Matthew Burtner: Coral Attraction

Program Note

Matthew Burtner (b.1971)
Coral Attraction (2010)

Matthew Burtner is an Alaskan-born composer and sound artist specializing in concert chamber music and interactive new media. His work explores ecoacoustics, embodiment, and extended polymetric and noise-based systems. Burtner won the Musica Nova International Electroacoustic Music Competition, IDEA Award, and the Howard Brown Foundation Fellowship. He is Professor of Composition and Computer Technologies at the University of Virginia.

Burtner has been commissioned by ensembles including Integrales, NOISE, Trio Ascolto, MiN, Musikene, Spiza, and CrossSound, and has worked closely with soloists Phyllis Bryn-Julson, Dimitris Marinos, Morris Palter, Haleh Abghari, Lukas Ligeti, Glen Whitehead, Madeleine Shapiro, and Wu Wei. Burtner has also conducted long-term residencies at the Banff Centre for the Arts, Phonos Foundation at the Pompeu Fabra Universidad, Musikene, Cite des Arts, IRCAM/Centre Pompidou, and the University of Missouri, Kansas City. He studied composition, computer music, saxophone and philosophy at St. John’s College, Tulane University (BFA), Iannis Xenakis’s UPIC-Studios, the Peabody Institute of The Johns Hopkins University (MM), and Stanford University and the Center for Computer Research in Music and Acoustics (DMA).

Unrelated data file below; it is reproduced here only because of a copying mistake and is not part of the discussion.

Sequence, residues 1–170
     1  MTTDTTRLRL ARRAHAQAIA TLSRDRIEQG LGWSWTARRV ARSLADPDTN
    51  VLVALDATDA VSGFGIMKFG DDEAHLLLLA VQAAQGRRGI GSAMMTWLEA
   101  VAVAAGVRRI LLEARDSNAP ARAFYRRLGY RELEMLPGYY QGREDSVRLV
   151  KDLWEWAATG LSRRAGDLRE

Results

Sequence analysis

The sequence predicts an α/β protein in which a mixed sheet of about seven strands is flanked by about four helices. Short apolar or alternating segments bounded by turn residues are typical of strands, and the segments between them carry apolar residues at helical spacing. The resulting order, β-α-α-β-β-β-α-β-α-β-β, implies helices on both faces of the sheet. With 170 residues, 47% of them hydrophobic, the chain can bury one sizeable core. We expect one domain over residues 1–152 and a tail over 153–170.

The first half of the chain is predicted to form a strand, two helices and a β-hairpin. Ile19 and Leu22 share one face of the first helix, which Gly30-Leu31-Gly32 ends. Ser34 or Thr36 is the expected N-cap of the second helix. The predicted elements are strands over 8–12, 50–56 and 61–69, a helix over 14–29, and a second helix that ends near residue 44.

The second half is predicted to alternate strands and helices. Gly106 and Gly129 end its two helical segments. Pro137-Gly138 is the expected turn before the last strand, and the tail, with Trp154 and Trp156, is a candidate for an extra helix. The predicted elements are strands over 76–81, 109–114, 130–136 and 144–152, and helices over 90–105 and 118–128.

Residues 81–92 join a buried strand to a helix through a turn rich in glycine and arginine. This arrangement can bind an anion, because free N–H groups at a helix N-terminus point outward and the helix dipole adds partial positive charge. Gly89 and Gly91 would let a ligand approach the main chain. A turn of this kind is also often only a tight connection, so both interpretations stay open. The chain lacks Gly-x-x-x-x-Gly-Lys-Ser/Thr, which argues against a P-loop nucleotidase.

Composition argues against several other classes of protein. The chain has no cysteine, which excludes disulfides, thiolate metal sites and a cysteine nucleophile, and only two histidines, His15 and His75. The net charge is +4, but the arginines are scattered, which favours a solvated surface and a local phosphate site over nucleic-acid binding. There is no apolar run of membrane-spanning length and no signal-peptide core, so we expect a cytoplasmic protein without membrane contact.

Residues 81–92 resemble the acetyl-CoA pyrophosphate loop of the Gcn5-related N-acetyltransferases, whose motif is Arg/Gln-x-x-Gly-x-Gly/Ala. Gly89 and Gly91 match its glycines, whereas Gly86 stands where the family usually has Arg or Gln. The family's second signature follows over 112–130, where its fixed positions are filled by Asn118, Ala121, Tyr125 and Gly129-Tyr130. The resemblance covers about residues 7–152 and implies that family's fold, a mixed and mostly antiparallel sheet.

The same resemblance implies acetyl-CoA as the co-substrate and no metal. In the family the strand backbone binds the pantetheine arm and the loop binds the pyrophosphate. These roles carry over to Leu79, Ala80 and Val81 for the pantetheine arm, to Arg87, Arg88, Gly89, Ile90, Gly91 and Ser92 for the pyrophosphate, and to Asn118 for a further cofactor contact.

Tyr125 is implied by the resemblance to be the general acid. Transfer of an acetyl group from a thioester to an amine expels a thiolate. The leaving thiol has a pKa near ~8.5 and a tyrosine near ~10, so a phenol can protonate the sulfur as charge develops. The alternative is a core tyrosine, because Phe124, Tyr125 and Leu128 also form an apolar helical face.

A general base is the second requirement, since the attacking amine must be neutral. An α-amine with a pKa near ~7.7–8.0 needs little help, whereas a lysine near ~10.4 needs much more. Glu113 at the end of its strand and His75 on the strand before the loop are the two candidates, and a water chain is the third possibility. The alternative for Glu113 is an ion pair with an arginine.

As a technologist, Burtner develops systems for human-computer-environment interaction featured in his music. He invented the NOMADS telematic system, the MICE human-computer ensemble and orchestra, the Metasaxophone augmented instrument, and a number of ecoacoustic approaches.

Coral Attraction celebrates the fact that acoustic vibrations draw living things together. Humans are drawn together through our music. And even animals such as coral, which lack ears or any apparent audition apparatus, find one another using sound. This attraction by coral larvae to the reef is mysterious and previously no one imagined that such animals could detect directional acoustic cues and respond to them. It turns out that the largest biological structures on Earth result from this attractive sonic relationship.”

—Matthew Burtner